Joining VeloClub not only supports the work we do, there are some fantastic benefits:
by Jeanine Laudy
August 18, 2016
Photography by Cor Vos
WOMEN'S CYCLING BROUGHT TO YOU BY ORBEA
There is no rest for the wicked…or professional cyclists. The 2016 Olympic road races may be done and dusted, but you won’t be seeing the riders lounging on the beaches of Copacabana. Instead, the women’s peloton has traveled to Sweden for a double weekend of Women’s WorldTour racing.
There is a team time trial (TTT) on the docket for Friday, Aug. 19, followed by the road race on Sunday, Aug. 21.
Historically part of the women’s WorldCup, the Vårgårda team time trial has always been a crucial dress rehearsal for the world TTT championships, while the Vårgårda road race has been the penultimate World Cup race in the last couple of years.
Joy for the Rabo-Liv team after winning the 2015 TTT.
No changes in the route of the team time trial, which is once again 42.5 kilometers from Vårgårda to Herrljunga and back.
The first team starts at 5.30 p.m. CEST (11.30 a.m. EST, 1.30 a.m. AEST August 20), with three minutes between each team.
The road race consisted of a number of laps on a 11.5 kilometer circuit for years, but a large circuit was added last year.
Slight alterations have been made to those circuits in the 2016 route, with the small circuit now 11 kilometers instead of 11.5 and 3.5 kilometers taken off the bigger one, totalling at 53 kilometers now.
The race starts with four laps on the small circuit, followed by the big loop, which contains four gravel sections, followed by yet another four laps on the 11 kilometer circuit, adding up to 141 kilometers in total.
The red sections in the profiles above are the gravel sections, so there’s some uphill offroading involved.
The riders take off at 8.15 a.m. CEST (2.15 a.m. EST, 4.15 p.m. AEST) to finish approximately three hours later.
Both races are part of the Women’s WorldTour, which means points are awarded for the UCIWWT ranking. In the team time trial, the winning team receives 140 points towards the team classification, with another 35 individual points for each rider crossing the line in the winning time.
Megan Guarnier sporting the Women’s WorldTour leader’s jersey .
The road race has the usual number of points awarded to the top 20, with points for the team classification and young rider classification as well.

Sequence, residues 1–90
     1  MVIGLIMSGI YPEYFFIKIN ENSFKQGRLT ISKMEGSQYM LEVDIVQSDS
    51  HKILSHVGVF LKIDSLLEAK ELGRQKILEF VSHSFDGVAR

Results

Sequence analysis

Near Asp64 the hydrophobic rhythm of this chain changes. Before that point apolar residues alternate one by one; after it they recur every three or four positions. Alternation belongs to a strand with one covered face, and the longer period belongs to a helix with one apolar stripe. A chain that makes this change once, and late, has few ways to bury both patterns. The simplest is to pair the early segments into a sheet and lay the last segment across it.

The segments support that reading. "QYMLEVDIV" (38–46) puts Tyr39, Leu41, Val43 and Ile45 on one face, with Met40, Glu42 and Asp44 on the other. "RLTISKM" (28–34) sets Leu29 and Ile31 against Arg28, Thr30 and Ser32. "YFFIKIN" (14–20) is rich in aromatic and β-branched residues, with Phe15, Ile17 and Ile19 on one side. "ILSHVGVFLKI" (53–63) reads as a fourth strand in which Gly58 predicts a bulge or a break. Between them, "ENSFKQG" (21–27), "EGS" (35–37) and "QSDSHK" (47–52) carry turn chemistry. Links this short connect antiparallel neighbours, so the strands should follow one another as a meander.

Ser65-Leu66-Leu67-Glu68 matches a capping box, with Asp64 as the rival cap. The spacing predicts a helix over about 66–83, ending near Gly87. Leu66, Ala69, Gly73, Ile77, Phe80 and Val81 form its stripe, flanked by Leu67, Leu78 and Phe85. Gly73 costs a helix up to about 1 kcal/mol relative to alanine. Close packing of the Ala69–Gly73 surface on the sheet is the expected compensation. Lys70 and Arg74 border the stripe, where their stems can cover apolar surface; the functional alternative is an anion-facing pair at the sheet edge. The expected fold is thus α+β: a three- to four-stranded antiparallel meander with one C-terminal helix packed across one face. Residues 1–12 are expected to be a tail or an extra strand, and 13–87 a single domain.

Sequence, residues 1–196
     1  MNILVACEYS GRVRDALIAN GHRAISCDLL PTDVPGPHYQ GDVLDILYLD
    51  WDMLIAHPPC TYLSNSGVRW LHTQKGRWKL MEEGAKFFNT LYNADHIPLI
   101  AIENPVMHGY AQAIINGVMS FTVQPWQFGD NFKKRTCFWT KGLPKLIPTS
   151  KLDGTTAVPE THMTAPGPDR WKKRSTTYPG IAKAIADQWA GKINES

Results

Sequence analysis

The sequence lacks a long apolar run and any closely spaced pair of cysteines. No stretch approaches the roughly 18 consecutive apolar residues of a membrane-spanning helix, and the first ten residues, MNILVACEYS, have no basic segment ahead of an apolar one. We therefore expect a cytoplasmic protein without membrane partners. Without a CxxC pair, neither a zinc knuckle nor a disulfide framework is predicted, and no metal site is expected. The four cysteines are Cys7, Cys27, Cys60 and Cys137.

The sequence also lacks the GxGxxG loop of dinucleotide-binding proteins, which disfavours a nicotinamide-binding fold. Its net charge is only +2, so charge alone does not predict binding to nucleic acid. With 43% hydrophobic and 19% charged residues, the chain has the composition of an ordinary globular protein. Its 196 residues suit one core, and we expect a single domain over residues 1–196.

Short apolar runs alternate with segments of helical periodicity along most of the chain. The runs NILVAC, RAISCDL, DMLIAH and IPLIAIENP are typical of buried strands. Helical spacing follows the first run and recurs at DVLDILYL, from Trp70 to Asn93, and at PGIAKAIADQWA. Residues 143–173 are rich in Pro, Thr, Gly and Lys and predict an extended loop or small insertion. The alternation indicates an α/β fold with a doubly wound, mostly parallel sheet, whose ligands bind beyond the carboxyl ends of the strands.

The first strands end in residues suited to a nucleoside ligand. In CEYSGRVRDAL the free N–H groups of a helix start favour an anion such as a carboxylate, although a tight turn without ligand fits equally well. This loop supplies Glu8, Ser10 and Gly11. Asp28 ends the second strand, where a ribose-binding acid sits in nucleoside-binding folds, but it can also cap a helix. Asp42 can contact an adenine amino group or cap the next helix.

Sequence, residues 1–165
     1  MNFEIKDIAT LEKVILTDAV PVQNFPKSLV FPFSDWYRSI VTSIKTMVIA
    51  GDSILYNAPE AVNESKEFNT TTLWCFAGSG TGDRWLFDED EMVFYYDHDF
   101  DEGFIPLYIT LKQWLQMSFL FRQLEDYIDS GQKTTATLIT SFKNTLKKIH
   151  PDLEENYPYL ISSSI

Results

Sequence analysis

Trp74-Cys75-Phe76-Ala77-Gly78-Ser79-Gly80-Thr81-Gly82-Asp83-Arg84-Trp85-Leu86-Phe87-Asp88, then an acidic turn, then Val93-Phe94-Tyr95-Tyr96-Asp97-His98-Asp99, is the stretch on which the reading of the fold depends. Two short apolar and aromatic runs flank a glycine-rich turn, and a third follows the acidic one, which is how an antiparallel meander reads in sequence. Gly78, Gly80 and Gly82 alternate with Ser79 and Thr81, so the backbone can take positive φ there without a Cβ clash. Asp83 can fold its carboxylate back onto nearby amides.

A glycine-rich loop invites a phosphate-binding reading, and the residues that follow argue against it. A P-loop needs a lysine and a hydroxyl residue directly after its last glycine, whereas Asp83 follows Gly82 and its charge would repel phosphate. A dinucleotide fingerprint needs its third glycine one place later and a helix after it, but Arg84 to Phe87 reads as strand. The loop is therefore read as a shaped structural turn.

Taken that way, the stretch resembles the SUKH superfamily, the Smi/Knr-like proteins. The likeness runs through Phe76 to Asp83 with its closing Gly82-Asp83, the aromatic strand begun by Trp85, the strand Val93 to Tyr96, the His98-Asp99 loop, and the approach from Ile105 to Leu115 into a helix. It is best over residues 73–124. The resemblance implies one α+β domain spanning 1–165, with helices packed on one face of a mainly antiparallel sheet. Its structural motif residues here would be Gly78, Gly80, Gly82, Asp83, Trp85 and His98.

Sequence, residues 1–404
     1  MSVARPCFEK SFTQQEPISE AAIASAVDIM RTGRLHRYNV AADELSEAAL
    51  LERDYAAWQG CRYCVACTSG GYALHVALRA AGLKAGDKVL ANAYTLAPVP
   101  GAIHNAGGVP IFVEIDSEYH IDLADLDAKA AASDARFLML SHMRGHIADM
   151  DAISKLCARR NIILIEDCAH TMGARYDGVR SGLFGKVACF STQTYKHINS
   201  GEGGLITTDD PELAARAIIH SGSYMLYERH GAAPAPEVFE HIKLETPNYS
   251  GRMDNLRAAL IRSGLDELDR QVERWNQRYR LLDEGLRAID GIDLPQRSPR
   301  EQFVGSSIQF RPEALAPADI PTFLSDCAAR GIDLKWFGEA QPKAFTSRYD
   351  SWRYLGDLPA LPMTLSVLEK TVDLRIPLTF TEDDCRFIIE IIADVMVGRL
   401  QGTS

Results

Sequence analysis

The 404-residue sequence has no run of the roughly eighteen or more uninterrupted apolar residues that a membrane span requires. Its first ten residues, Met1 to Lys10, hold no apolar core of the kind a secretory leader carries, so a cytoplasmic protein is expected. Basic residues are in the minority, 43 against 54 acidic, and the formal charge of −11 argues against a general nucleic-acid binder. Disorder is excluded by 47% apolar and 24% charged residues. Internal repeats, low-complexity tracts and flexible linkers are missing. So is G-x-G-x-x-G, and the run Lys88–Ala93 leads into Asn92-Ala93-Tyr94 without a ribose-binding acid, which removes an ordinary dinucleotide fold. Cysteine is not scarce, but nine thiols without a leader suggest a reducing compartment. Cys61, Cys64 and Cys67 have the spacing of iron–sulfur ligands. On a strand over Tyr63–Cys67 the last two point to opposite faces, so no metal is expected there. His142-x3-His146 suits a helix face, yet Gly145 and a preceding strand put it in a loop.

While Women’s WorldTour leader Megan Guarnier (Boels-Dolmans) isn’t on the start list of either races, her advantage is big enough for her leading position not to be in any danger.
1. Megan Guarnier (Boels-Dolmans) – 886
2. Lizzie Armitstead (Boels-Dolmans) – 545
3. Leah Kirchmann (Liv-Plantur) – 542
4. Elisa Longo Borghini (Wiggle-High5) – 493
5. Evelyn Stevens (Boels-Dolmans) – 484
Young rider classification
1. Kasia Niewiadoma (Rabo-Liv) – 30
2. Floortje Mackaij (Liv-Plantur) – 18
3. Jip van den Bos (Parkhotel Valkenburg) – 14
1. Boels-Dolmans – 2529
2. Wiggle-High5 – 1839
3. Rabo-Liv – 1596
As both races are individual events, teams may line up with different riders for each event. The organisation has published the provisional startlists of both the team time trial and road race, but the reserve riders are included in that list as well. Women CyclingFever has the quickest updates on riders actually starting in the team time trial and the road race. Based on these lists, here are our race favourites.
Unbeaten in the discipline at the world championships, Canyon-SRAM is the team to beat in the Vårgårda team trial.
Over the years, several time trial specialists have left the team and they lost another one with Karol-Ann Canuel transferring to Boels-Dolmans this year, but there are still some time trial powerhouses left to ride towards victory once again.
Boels-Dolmans was very close to a world championship title in 2015, when they only lost to Velocio-SRAM by six seconds. The sheer disappointment showed on their faces when they collected silver at the podium ceremony. They are more determined than ever to set things straight this year.
Boels-Dolmans won the Energiewacht Tour TTT back in April and with time trialist Canuel new to the team, they might well be going for the win in the only Women’s WorldTour TTT.
Rabo-Liv took a surprise win in the Vårgårda team time trial last year, when they beat both superfavourites Velocio-SRAM and Boels-Dolmans.